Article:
The Rashomon effect occurs when many different explanations exist for the
same phenomenon. In machine learning, Leo Breiman used this term to
characterize problems where many accurate-but-different models exist to
describe the same data. In this work, we study how the Rashomon effect can be
useful for understanding the relationship between training and test
performance, and the possibility that simple-yet-accurate models exist for many
problems. We consider the Rashomon set - the set of almost-equally-accurate
models for a given problem - and study its properties and the types of models
it could contain. We present the Rashomon ratio as a new measure related to
simplicity of model classes, which is the ratio of the volume of the set of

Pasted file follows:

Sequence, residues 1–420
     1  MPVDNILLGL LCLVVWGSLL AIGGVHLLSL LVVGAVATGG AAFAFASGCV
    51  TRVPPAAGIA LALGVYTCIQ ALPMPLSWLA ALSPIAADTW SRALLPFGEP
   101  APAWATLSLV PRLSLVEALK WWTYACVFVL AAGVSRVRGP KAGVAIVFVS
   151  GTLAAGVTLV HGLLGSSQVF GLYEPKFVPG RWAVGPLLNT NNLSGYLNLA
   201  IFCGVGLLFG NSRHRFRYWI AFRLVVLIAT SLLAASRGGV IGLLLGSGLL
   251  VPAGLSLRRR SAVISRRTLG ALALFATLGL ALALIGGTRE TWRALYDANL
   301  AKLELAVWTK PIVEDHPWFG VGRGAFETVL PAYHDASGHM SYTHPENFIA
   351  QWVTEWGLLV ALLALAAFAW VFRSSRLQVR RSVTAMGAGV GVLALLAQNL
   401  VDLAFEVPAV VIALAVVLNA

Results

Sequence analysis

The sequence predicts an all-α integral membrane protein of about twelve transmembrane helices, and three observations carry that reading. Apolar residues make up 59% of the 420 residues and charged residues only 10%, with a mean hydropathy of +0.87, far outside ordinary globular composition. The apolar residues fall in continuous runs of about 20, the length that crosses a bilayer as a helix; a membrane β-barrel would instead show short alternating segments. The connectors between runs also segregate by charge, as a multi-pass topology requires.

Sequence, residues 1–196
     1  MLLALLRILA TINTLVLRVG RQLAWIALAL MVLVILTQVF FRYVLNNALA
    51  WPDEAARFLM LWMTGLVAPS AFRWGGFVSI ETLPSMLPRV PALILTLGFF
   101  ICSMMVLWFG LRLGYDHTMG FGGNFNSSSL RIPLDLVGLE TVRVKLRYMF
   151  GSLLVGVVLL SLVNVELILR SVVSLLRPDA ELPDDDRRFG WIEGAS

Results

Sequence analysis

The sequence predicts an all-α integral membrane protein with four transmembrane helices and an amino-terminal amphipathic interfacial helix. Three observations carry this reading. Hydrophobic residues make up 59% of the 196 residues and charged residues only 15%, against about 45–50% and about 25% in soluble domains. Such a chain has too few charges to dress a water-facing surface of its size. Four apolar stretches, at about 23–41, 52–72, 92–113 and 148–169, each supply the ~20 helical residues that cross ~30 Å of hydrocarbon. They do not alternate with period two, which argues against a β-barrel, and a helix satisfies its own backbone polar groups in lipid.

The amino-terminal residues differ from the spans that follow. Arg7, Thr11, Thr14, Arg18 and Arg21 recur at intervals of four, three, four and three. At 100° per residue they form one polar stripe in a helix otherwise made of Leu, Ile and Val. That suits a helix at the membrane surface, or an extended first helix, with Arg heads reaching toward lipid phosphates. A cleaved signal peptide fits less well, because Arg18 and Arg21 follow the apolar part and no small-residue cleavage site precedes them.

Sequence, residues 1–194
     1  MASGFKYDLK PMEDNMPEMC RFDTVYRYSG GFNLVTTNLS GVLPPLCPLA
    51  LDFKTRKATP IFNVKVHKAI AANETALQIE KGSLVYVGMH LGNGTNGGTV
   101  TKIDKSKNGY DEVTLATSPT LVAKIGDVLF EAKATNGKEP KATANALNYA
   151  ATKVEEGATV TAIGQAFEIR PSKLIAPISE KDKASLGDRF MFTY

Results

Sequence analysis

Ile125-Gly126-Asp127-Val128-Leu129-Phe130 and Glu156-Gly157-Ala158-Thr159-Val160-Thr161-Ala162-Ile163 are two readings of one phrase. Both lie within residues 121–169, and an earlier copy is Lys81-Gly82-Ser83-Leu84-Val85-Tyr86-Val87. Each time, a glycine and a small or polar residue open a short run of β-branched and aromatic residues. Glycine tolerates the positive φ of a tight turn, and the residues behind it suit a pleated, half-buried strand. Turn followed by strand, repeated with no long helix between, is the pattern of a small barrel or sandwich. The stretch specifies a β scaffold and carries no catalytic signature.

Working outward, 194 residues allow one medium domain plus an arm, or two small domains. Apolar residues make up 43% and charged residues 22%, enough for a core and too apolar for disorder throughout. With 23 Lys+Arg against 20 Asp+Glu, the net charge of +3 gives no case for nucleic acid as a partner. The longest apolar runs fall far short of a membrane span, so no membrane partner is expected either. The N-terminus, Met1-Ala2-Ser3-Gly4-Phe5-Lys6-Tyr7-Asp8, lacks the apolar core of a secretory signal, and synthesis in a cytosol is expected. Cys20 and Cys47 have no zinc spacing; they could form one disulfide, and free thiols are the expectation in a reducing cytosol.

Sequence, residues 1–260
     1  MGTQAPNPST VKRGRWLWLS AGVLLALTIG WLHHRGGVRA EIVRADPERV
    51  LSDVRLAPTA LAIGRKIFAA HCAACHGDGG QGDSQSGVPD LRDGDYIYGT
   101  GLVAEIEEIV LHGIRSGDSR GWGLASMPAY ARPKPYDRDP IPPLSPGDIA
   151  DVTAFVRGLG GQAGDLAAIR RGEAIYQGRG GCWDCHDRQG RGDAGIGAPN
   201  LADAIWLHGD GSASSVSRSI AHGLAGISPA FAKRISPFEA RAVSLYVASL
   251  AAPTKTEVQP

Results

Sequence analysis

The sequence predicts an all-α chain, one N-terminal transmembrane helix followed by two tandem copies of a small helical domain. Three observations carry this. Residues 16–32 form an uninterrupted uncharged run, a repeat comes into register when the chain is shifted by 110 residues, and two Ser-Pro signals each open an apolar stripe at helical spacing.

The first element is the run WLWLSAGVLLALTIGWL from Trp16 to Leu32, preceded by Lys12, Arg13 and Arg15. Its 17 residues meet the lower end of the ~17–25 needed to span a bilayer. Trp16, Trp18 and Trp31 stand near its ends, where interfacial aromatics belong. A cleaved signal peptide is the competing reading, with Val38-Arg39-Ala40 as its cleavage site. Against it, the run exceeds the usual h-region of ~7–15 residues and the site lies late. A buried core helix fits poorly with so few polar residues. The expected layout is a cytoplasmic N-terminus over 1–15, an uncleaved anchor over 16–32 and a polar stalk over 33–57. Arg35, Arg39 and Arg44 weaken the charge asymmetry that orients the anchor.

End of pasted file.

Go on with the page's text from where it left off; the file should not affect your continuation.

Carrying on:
accurate models to the volume of the hypothesis space; the Rashomon ratio is
different from standard complexity measures from statistical learning theory.
For a hierarchy of hypothesis spaces, the Rashomon ratio can help modelers to
navigate the trade-off between simplicity and accuracy. In particular, we find
empirically that a plot of empirical risk vs. Rashomon ratio forms a
characteristic Γ-shaped Rashomon curve, whose elbow seems to be a
reliable model selection criterion. When the Rashomon set is large, models that
are accurate - but that also have various other useful properties - can often
be obtained. These models might obey various constraints such as
interpretability, fairness, or monotonicity.
Archived Files and Locations
There are no accessible files associated with this release. You could check other releases for this work for an accessible version.
Know of a fulltext copy of on the public web? Submit a URL and we will archive it
access all versions, variants, and formats of this works (eg, pre-prints)